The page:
• A ruler, to help you measure and cut the string
  • A small lanyard clip or a large safety pin, for attaching the mane to the headband
  • A ring approximately 1 inch in diameter (i.e., an old keychain ring) – ring needs to be big enough to easily go around the belt you plan to use
  • Optional, but a good idea: some hair clips, bobby pins, or small barrettes to help secure the mane in place and keep it from pulling the headband backwards off her head while she’s out trick-or-treating
For the mane and tail, I used two partial skeins of yarn I found at our secondhand craft-supply store (charcoal gray with a silver thread, and shimmery white), plus some silver rickrack and some bead accents from the silk flower section.

Step-by-step instructions:

For the horn:

  1. Fold one corner of the felt down to the opposite edge, forming a square shape. Cut off the excess at the bottom and set aside for the ears.
  2. Starting at one edge, roll the felt square into a cone shape, with the point being one of the corners of the square. Using the needle and thread, run a stitch up along the outer edge of the felt to hold the cone in place.
  3. Stuff the horn firmly with your stuffing material. Then lay the topside center of the headband across the middle of the open end (in a line with the finger you see in this photo), so that the top is facing the stuffing and the teeth on the underside are facing away from the stuffing. Fold the flap over the underside (teeth side) of the headband and sew the horn loosely shut, around the headband.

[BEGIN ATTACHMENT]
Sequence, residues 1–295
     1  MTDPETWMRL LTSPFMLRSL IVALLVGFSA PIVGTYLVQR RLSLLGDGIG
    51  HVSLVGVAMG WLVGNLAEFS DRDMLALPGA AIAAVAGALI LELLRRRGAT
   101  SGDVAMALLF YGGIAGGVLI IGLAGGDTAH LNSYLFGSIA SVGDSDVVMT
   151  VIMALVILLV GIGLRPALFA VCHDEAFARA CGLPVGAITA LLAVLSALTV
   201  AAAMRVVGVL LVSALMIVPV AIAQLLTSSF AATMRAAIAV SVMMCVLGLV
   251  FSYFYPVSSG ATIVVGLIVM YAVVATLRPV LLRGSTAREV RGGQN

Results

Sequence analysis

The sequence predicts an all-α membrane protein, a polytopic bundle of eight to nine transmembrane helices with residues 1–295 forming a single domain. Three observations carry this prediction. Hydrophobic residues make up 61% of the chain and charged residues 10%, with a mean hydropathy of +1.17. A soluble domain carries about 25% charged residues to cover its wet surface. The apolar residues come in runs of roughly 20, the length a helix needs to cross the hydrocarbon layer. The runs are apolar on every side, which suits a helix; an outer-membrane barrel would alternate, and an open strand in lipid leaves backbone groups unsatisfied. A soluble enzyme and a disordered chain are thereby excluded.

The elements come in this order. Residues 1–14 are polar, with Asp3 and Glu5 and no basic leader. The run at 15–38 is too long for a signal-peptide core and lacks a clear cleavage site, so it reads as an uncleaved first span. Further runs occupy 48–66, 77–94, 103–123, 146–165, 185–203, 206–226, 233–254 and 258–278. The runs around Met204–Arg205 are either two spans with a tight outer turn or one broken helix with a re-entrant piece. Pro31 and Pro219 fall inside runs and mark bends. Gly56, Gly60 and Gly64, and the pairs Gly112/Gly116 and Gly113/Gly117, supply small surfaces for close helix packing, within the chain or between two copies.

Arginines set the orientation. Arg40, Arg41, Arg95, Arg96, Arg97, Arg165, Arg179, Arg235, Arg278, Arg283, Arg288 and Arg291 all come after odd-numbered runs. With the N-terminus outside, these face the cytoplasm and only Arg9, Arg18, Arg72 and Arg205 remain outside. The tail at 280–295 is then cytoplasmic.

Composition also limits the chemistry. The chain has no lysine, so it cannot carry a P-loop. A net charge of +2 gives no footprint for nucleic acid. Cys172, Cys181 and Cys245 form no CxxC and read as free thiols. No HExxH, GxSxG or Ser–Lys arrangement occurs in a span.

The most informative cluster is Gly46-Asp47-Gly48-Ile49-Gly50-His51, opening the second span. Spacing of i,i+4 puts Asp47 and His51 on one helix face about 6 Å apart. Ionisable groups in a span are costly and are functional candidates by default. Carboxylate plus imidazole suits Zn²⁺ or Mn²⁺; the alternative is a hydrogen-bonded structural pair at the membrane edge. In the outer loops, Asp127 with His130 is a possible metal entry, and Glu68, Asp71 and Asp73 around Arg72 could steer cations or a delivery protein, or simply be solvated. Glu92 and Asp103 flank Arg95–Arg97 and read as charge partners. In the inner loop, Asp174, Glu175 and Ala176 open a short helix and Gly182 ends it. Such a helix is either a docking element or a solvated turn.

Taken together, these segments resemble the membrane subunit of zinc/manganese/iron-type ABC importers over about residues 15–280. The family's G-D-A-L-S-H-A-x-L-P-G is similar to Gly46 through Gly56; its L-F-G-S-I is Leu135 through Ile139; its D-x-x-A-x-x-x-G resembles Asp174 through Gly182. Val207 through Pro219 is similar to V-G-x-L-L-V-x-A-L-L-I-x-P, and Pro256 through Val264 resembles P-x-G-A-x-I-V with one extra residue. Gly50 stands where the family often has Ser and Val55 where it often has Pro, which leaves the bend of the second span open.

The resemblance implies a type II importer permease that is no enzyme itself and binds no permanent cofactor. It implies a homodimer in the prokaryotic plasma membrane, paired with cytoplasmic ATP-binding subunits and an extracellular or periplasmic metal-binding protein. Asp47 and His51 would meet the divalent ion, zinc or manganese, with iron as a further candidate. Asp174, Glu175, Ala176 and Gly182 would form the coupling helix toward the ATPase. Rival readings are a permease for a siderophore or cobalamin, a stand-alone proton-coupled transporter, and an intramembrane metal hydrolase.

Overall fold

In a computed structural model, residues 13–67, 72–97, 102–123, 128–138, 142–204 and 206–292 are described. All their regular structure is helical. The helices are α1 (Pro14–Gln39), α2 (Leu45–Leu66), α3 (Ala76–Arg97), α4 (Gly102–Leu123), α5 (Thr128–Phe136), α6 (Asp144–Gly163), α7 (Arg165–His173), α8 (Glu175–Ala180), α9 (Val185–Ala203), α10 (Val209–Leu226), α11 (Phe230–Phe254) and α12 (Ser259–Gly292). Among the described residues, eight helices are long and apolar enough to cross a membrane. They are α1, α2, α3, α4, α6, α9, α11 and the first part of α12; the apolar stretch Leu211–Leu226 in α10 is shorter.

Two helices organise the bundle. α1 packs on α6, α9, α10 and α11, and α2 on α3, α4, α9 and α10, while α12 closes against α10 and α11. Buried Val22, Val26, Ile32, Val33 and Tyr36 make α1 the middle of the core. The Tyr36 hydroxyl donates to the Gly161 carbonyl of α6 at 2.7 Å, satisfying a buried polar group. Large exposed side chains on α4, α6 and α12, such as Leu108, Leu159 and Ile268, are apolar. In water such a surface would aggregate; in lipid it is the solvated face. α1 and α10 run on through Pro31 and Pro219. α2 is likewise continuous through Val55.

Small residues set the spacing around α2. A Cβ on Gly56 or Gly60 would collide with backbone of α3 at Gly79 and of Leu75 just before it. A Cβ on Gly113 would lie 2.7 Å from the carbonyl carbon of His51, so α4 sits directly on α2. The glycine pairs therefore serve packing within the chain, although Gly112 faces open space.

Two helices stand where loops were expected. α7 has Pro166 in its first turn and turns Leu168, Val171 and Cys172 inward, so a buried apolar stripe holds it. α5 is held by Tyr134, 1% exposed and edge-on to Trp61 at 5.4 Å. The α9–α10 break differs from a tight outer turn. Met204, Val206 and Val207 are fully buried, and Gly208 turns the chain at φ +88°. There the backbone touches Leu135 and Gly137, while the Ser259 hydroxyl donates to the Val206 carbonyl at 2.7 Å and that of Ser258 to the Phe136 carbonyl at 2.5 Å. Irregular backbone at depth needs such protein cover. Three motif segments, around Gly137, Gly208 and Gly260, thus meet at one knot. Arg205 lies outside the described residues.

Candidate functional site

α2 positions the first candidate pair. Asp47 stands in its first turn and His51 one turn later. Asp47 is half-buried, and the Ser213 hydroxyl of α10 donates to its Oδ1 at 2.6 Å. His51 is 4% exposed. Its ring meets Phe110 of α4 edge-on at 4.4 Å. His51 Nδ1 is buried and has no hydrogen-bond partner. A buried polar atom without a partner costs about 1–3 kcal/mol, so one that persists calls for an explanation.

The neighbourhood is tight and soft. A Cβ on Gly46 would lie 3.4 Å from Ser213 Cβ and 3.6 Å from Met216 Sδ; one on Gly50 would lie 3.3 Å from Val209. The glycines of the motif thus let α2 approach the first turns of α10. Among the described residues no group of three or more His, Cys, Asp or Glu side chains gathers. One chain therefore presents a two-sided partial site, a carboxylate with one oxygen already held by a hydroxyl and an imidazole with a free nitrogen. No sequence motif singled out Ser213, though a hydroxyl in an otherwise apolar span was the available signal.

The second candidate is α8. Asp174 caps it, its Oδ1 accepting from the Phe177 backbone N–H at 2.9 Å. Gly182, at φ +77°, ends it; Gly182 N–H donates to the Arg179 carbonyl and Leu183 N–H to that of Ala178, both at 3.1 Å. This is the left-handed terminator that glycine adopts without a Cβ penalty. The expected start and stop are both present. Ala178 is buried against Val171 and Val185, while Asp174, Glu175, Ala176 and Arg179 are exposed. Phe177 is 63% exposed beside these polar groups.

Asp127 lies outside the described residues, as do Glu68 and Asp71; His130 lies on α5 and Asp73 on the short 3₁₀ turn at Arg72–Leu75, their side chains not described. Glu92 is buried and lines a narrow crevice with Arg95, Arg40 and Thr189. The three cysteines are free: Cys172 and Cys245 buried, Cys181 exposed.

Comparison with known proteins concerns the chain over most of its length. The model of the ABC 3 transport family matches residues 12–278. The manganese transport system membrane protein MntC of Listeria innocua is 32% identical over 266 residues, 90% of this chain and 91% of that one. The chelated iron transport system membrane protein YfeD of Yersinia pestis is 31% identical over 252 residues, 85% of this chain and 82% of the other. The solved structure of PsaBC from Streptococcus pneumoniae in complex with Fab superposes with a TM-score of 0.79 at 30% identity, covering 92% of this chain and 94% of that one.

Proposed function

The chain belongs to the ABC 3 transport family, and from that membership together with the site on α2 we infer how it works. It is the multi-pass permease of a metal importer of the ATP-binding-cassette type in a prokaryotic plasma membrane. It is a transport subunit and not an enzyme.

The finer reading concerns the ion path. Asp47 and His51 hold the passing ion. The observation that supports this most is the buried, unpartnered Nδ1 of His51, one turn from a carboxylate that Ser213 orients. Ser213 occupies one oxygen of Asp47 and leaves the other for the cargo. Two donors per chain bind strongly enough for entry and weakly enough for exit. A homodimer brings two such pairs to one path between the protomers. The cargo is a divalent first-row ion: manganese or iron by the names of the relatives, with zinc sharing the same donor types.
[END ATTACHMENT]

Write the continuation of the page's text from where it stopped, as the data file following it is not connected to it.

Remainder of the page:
4. If you have a mesh overlay or a silvery thread to twist around the horn, add this next. Once you’ve wrapped it around your horn, baste in place with your needle and thread as needed.

For the ears:

  1. Cut your leftover felt strip into half the short way, so you have two not-quite-square rectangles. Fold one in half the short way again, and cut a curve from the bottom edge corner up to the top folded corner to make an ear shape. Using that first ear as a stencil, cut the other felt rectangle into the same shape.
  2. Using your scraps of darker felt, cut two smaller versions of the same shape for the inside of your ears.
  3. Place a layer of backing paper, clean paper towel, or a clean rag on your ironing board, then the darker parts of the ears, then the fusible interfacing with the paper backing side facing up. Iron the interfacing onto the backside of the inner ears. Then cut out the inner ears from the interfacing and peel away the paper backing.
  4. Place the light-colored ears on the ironing board. Center the dark pieces on top of them, with the interfacing-covered side facing down (touching the light ears underneath). Cover with backing paper or a pressing cloth, and iron until the inner ears are fused onto the lighter main ears. (If you don’t have fusible interfacing, you can sew the inner ears into place using light-colored thread and a whipstitch around the edgebut your stitches will show.)
  5. Now take one ear and fold it in half, the same way it was folded in half when you first cut the large ear shape from the rectangle. Sew the ear together along the bottom seam, then pull the side edges apart to make the ear three-dimensional.
  6. Sew one side of the ear to the base of the horn, facing forward.
  7. Repeat the entire process with the other ear.

For the mane: